|Publication number||US3655862 A|
|Publication date||Apr 11, 1972|
|Filing date||Aug 15, 1969|
|Priority date||Aug 17, 1968|
|Also published as||DE1785158A1, DE1785158C3|
|Publication number||US 3655862 A, US 3655862A, US-A-3655862, US3655862 A, US3655862A|
|Inventors||Oskar Dorschner, Franz Josef Carduck, Christoph Storkebaum, Claus Rother|
|Original Assignee||Metallgesellschaft Ag|
|Export Citation||BiBTeX, EndNote, RefMan|
|Referenced by (109), Classifications (23)|
|External Links: USPTO, USPTO Assignment, Espacenet|
April 1972 o. DORSCHNER T 3,655,862
ASPIRATOR JET FOR DRAWINGOFF FILAMENTS 2 Sheets-Sheet 1 Filed Aug. 15, 1969 April 11, 1972 o, DORSCHNER ETAL 3,655,862
ASPIRATOR JET FOR DRAWING-OFF FILAMENTS Filed Aug. 15, 1969 2 Sheets-Sheet 2 United States Patent ASPIRATOR JET FOR DRAWING-OFF FILAMENTS Oskar Dorschuer, Bad Hamburg, Franz Josef Carduck,
Bergen-Enkheim, Nordring, Christoph Storkebaum,
Egelsbach, and Claus Rother, Petterweil, Germany, as-
signors to Metallgesellschaft AG, Frankfurt am Main,
Germany Filed Aug. 15, 1969, Ser. No. 850,500 Claims priority, application Germany, Aug. 17, 1968, P 17 85 158.0 Int. Cl. B29c 17/02 U.S. Cl. 264-290 11 Claims ABSTRACT OF THE DISCLOSURE In an aspirator jet for drawing-01f thermoplastic filaments having a nozzle and a throat, the primary aspirating air is smoothly expanded to supersonic velocities through a throat into an outwardly diverging expansion chamber which is preferably dome-shaped. A guide tube for the filaments and secondary air extends centrally through the throat and through the expansion chamber to the draw-oil? tube, which has a constant diameter.
The design is such that the aspirating air flows parallel to the filaments issuing from the guide tube and does not impinge thereon as is the case with the jet designs of the prior art.
This design permits draw-01f of filaments at high speeds, in excess of 2,000 meters/min., with good separation and substantially complete parallelism between the filaments and without intermingling or twisting and interlocking of the filaments.
PRIOR ART In the production of non-woven webs, mats, layers and similar products from continuous filaments, the molten raw materials are extruded through spinning orifices and the spun yarn is generally drawn-0E by pneumatic jets and blown onto the lay-down surface. Such processes for the production of non-woven materials and the pneumatic jets used are described, for example, in British Pat. No. 932,482 and in US. Pat. No. 3,341,394. The use of pneumatic jets, usually referred to as aspirator jets or air jets, allows high draw-01f speeds. As a great number of filaments can be routed through one jet, the production speeds for the non-woven product are high which is very much desired from the aspect of low production costs. Compressed air is generally supplied to the jets to serve as the moving medium. To achieve high draw-off speeds in jets, the moving air is generally accelrated by expansion to supersonic velocity and directed at a small angle against the filaments running through the jet. This exerts a tension on the filaments which, with filaments of thermoplastic organic plastics, efiects drawing and orientation of the filaments. To achieve special effects, e.g. crimping of the filaments, hot air or steam instead of air can be used.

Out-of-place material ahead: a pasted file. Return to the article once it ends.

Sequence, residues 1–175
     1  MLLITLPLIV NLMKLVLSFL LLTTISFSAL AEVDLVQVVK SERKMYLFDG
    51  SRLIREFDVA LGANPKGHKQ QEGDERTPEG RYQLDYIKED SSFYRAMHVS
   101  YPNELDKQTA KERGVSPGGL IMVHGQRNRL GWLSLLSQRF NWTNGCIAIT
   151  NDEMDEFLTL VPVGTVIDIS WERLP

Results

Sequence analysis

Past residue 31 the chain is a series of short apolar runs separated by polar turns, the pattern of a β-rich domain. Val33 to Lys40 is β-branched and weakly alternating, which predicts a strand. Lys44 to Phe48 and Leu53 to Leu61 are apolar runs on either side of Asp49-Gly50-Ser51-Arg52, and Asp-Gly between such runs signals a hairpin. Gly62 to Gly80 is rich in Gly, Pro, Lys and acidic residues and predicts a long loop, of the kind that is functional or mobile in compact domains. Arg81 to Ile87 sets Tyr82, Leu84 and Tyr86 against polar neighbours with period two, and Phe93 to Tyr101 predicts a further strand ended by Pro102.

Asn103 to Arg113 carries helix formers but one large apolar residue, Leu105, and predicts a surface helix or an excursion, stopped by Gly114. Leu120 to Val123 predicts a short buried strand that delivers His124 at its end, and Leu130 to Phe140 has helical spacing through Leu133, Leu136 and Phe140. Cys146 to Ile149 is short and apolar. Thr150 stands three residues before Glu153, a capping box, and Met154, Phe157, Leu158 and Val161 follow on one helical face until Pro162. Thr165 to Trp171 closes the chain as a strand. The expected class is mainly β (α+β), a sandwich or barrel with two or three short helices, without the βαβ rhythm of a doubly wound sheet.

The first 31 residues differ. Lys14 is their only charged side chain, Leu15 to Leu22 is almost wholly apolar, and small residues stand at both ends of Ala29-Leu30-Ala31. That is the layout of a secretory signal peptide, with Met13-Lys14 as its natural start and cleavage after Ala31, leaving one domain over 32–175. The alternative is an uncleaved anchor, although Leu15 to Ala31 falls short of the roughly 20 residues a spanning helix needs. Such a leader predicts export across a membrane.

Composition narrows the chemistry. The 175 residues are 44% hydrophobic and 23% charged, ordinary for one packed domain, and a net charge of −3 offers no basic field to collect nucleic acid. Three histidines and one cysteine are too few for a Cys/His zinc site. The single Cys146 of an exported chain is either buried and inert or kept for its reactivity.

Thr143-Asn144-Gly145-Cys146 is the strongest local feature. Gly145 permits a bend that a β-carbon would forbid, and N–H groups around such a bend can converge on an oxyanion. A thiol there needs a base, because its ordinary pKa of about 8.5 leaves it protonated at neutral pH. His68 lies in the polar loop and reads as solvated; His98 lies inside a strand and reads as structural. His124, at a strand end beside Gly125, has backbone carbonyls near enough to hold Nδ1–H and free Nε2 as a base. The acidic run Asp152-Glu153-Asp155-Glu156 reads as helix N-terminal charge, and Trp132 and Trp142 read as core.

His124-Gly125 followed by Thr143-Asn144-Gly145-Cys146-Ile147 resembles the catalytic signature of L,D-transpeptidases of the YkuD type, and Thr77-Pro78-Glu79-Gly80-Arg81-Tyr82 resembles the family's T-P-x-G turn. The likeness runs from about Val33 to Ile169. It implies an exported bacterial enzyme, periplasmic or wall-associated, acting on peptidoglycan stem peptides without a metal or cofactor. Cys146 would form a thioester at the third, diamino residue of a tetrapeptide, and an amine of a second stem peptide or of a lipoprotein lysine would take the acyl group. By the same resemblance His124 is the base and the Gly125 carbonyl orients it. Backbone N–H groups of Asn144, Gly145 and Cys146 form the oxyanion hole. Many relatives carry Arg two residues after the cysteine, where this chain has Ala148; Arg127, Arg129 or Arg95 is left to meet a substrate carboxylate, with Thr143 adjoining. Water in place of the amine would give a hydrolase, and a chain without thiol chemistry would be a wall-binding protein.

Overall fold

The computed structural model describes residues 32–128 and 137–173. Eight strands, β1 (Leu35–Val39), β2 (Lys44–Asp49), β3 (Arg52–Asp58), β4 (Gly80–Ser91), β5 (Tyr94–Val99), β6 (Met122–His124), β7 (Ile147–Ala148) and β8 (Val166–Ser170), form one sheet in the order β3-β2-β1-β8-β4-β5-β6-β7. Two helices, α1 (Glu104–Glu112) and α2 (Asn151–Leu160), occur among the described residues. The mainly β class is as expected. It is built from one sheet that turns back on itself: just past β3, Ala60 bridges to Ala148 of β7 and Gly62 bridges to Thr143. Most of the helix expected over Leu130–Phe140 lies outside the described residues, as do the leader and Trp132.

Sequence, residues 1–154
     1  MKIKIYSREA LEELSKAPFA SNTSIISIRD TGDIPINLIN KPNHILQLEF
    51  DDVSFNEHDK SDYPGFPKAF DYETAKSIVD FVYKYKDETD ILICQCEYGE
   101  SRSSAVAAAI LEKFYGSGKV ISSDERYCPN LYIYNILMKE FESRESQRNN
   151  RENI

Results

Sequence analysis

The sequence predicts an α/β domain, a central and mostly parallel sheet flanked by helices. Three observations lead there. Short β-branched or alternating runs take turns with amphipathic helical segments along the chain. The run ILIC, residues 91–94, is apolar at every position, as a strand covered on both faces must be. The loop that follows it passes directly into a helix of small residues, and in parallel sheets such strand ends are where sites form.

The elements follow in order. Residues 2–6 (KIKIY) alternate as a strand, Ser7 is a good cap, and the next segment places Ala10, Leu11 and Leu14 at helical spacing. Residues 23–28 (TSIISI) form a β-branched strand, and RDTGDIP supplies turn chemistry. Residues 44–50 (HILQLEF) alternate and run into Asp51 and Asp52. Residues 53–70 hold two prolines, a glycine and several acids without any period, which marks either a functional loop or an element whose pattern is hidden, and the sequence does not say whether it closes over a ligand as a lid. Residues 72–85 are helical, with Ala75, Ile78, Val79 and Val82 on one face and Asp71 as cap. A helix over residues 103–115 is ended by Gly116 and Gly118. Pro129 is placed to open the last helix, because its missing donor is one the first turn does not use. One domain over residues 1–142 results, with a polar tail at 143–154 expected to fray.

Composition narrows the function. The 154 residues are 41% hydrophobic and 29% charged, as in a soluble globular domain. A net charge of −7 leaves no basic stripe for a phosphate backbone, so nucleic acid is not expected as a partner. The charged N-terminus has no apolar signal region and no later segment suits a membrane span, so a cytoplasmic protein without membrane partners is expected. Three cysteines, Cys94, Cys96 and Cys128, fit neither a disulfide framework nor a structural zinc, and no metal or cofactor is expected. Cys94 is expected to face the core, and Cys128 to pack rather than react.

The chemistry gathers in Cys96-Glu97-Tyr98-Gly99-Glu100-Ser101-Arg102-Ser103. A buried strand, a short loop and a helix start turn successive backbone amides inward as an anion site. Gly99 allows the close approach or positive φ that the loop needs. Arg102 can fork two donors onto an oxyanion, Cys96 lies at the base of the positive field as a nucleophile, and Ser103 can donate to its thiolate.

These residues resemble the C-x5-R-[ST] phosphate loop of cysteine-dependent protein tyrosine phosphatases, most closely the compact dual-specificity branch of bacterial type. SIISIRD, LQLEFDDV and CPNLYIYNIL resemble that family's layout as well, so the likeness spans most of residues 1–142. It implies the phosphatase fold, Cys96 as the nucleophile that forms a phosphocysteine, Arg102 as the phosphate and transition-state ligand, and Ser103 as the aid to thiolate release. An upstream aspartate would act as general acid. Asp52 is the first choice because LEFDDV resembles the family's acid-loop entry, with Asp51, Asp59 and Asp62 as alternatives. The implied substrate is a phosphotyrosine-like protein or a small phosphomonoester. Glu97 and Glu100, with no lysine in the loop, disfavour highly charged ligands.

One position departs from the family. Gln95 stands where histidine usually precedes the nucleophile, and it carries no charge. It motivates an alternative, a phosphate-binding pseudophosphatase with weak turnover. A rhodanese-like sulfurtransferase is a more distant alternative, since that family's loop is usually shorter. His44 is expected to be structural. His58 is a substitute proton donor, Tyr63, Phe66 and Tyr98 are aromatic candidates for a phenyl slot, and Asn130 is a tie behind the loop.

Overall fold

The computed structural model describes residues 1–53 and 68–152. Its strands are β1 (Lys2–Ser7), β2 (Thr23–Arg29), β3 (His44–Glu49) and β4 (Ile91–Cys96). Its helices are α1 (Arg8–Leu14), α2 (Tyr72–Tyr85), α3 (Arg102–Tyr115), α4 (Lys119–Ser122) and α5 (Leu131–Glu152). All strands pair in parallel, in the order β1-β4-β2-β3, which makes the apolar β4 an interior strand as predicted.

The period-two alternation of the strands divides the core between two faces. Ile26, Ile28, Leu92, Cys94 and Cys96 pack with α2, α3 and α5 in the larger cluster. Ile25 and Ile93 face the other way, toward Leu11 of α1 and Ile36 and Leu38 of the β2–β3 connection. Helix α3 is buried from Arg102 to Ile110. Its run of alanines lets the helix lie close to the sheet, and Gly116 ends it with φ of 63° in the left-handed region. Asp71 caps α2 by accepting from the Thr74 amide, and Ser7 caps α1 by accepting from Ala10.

Several different designs of draw-ofi' jets are known. They all have in common a funned-shaped inlet port for the filament bundles which finishes up in a cylindrical or almost cylindrical filament guide channel. 'In this filament guide channel or at the end of it, the expanding or expanded aspirating gas is directed toroidally at an angle of about 5l5 against the filaments. When the aspirating gas is introduced around the end of the cylindrical filament inlet, the external wall at the lower end of the filament inlet pipe has been generally tapered downwardly to facilitate the tangential impingement of aspirating gas. Because of the friction efiect which the aspirating gas exerts on the filament bundle, the filament is 'ice drawn through the jet at a speed which is greater than the spinning speed.
With some jet designs the filaments may flutter, swing to and fro and intermingle (see British Pat. No. 1,088,931).
A properly produced non-woven web made in this manner contains parallel extending filaments which mutually cross each other at random intervals and which may overlap backwardly. To prevent converging or banding together of the filaments at high filament draw-off speeds, the filaments usually are electrostatically charged, e.g. by means of corona discharge devices or by the application of a tribe-electric charge. (See US. Pat. No. 3,341,394 and British Pat. No. 932,482.) The electrostatic repulsion between the like-changed filaments prevents a converging of the filaments. A disadvantage with these methods is that special devices for charging the filaments are required. In addition, it is necessary to bring the draw-off jets to the same potential as the filaments to prevent the filaments from sticking to the jet wall. The application of such processes using electrostatic charging of the filaments demands specific electric properties of the filament material which a number of major raw material, such as polypropylene and polyethylene terephthalate, do not possess. Such raw materials have to be treated in some manner to improve their electric properties to render them suitable for electrostatic charging. The introduction of sulfonated comonomers or inorganic salts for this purpose into the organic polymer structure, as has been done, complicates and further increases costs. Apart from electrostatic charging of the filaments, little is known as to how the undesired mutual interference of the filaments at high draw-oft speeds can be eliminated. Subsequent improvements of the original methods still use electrostatic charging of the filaments (see US. Pat. Nos. 3,293,718, 3,364,538, 3,314,122, and 3,368,934).